"I can say without question that everything I worked on was on the forefront of cutting edge technology."
Brian Lewis at Google
Lewis worked at Google as well as Haynes and Boone LLP through the Google Legal Summer Institute.

Google's Legal Summer Institute (LSI) program is one of the most dynamic opportunities for law students to immerse themselves in a cooperative environment. From the day you arrive on the Google campus, you will notice that the environment is one where cooperation and support are fundamental to the success of the company. The multiple free gourmet cafeterias, the gym, haircuts, free food trucks, tennis courts, basketball courts, soccer fields, volleyball courts, bikes, and free shuttles with wifi make for very happy and productive employees. Google essentially eliminates all extraneous needs for their employees so that can focus on their work without any hindrances.

Every attorney at Google is seasoned and tested. Google’s legal team itself feels like a law firm. Attorneys are broken down into groups to support different product areas. As one can imagine, the work at Google is difficult and attorneys work just as hard in-house as they do at law firms. The expectation of a Google attorney is that they perform. There are multiple opportunities to grow within the company and even change your area of focus, something evidenced by the multiple stories from attorneys who never plan to leave the company.

This year, the LSI program has 17 student participants from law schools around the country. Of those 17, 14 identify as women. Every student came from a diverse background and had varying interests in the legal field. My legal interest has been focussed on artificial intelligence and data privacy. It is no wonder that I found myself immediately surrounded by mentors from the various intellectual property teams. Many were former litigators or patent strategy attorneys from some of the best firms around the world. The other 16 students had similar mentorship opportunities.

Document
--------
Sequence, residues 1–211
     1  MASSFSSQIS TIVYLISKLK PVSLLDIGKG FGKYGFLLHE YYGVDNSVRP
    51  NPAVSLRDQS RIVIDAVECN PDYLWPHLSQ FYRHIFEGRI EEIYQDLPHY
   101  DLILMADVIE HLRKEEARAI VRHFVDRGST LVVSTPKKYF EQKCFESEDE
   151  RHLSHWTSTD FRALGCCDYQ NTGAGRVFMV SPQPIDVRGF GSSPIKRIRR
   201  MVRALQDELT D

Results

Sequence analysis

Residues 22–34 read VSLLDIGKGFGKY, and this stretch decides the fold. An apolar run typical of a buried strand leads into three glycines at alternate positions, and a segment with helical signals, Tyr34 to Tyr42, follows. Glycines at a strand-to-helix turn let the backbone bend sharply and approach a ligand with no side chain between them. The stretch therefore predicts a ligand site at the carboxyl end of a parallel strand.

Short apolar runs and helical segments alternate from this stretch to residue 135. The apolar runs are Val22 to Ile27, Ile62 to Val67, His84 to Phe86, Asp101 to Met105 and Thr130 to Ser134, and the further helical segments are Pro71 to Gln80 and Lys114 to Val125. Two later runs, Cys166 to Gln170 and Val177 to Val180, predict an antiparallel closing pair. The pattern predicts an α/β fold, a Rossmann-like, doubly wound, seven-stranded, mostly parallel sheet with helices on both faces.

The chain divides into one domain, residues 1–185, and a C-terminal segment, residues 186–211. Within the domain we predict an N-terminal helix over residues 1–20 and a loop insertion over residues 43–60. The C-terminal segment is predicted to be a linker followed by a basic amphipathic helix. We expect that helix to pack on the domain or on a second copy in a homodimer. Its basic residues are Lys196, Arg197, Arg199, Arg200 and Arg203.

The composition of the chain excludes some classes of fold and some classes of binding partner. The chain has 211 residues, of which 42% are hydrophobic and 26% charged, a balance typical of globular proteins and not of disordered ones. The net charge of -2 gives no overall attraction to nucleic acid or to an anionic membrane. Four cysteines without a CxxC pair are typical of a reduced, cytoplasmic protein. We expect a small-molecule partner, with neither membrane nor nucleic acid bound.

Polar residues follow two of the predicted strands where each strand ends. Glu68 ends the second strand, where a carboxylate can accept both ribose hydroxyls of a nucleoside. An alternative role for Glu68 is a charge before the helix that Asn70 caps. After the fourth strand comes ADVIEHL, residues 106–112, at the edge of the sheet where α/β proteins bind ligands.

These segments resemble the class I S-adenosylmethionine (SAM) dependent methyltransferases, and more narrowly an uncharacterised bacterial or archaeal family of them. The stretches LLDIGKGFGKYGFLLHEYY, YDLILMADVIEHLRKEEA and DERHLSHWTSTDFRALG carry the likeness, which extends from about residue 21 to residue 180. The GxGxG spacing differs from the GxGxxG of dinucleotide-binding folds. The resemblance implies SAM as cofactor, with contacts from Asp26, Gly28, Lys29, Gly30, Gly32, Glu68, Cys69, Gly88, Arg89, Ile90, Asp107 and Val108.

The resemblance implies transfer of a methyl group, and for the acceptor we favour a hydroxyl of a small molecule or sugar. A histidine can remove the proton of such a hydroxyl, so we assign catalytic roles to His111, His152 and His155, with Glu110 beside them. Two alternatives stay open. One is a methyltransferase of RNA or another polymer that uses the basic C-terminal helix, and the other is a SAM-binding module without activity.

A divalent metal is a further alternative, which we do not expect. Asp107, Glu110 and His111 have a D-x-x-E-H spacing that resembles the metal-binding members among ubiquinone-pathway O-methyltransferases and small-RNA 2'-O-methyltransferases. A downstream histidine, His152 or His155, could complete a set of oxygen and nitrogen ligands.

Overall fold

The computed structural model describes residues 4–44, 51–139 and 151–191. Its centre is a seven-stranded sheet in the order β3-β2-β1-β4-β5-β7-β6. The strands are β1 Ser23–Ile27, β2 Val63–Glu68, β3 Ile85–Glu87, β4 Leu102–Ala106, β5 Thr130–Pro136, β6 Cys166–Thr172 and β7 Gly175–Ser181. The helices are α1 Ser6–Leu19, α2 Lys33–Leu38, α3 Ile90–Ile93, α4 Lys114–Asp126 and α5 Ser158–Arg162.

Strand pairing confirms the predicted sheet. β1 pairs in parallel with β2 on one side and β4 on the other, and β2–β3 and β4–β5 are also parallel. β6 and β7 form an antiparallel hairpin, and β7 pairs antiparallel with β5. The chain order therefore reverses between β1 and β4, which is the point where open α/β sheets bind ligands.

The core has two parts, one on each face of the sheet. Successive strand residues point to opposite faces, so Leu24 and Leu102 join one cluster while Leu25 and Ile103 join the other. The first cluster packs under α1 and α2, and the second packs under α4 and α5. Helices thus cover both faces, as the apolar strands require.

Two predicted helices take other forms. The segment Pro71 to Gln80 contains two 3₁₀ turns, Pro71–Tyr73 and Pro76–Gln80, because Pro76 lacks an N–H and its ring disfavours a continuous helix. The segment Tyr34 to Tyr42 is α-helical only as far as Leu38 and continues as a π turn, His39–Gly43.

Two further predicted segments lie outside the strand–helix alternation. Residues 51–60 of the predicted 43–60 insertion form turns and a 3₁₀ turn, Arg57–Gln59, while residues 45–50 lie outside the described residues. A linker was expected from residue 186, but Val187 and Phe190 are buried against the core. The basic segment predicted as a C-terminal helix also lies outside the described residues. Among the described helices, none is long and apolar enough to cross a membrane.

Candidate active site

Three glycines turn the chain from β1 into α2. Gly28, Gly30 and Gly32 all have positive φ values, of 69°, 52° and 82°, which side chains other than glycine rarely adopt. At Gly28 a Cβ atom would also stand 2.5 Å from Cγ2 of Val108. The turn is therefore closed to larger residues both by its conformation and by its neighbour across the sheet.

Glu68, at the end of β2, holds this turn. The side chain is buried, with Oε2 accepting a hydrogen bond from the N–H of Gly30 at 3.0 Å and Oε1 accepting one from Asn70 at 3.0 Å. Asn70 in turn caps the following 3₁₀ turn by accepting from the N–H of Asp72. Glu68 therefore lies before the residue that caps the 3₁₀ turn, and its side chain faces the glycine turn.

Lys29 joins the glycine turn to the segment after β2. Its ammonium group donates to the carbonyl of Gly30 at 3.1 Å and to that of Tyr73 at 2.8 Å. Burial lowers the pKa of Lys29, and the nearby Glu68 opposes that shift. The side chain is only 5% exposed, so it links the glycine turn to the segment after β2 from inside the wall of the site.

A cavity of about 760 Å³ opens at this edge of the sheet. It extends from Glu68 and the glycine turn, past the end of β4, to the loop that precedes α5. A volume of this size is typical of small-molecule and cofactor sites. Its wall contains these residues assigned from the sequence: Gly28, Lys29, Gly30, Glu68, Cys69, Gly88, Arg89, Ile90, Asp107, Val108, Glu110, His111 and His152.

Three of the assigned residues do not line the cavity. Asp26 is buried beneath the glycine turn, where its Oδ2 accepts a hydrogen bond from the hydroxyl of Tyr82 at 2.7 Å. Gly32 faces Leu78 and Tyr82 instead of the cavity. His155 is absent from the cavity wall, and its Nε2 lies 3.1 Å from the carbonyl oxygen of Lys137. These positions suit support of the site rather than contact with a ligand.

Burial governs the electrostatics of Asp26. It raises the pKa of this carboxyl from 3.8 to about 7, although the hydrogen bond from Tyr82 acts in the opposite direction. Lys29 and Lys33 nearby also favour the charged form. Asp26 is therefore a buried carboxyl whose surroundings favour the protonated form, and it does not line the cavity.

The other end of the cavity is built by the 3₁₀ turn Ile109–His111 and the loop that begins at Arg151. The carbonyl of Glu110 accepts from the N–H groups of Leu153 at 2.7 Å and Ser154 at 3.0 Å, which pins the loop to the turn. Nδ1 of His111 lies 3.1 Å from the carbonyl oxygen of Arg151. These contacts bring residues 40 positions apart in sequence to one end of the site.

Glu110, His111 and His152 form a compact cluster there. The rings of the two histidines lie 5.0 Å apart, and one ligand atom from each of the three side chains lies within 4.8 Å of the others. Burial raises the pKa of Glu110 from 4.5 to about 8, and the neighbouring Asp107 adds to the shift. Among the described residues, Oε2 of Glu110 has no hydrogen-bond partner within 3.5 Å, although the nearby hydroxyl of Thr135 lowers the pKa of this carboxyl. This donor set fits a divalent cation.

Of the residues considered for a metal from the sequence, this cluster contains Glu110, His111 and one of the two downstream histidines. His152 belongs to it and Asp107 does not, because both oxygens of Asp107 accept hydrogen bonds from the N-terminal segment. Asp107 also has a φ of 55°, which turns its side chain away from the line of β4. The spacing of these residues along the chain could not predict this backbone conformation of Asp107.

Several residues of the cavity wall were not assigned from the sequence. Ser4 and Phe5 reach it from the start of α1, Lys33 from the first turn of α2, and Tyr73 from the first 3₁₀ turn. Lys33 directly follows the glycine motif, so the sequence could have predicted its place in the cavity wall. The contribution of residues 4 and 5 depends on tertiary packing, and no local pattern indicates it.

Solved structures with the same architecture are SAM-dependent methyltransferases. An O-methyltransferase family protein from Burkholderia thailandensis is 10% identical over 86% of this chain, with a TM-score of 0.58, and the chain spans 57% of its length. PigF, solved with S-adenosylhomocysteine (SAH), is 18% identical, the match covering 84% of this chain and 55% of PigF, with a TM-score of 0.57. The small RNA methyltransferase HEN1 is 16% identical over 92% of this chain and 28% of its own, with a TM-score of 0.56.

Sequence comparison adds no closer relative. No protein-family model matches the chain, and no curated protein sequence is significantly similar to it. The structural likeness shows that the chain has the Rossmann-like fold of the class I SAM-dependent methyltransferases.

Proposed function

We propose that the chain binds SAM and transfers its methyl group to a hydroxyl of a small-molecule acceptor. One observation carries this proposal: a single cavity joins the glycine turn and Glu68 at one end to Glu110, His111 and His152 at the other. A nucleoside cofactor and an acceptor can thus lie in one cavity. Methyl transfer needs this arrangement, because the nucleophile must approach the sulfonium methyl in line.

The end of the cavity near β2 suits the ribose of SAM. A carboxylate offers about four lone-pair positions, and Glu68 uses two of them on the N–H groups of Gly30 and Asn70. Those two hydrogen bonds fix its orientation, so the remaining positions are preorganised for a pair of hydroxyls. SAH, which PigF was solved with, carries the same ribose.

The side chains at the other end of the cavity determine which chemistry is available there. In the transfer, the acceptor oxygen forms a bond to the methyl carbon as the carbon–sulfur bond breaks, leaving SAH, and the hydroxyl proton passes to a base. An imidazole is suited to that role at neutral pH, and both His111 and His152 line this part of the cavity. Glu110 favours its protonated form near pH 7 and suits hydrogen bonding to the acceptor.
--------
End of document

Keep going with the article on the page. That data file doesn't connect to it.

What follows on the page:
The first week of the program focuses on getting acclimated to the Google environment. We met attorneys from varying disciplines, had legal training to make sure that we understand the expectations of a Google lawyer and how to handle varying situations, were introduced to the hiring process at Google, and met with some of the most powerful individuals at the company. For me, it was incredibly important to see minorities, women, and LGBTQ+ attorneys in leadership positions.

Google made sure that we were introduced to every possible opportunity to grow and network. One of the highlights of my summer was actually attending a fireside chat on the current state of Google’s legal team and the company in general with David Drummond, Senior Vice President of corporate development and Chief Legal Officer for Alphabet Inc. The other highlight was having open and honest conversations about the roles and challenges facing women and minorities with Phyllis Turner-Brim (Vice President, Assistant General Counsel IP, Technology & Brand Protection Company NameStarbucks), Karen Robinson (Sr. Director of Intellectual Property, Litigation and Marketing Groups at Adobe), Hilary Ware (Vice President & Associate General Counsel at Netflix), and Harvey Anderson (Deputy General Counsel, HP Inc.).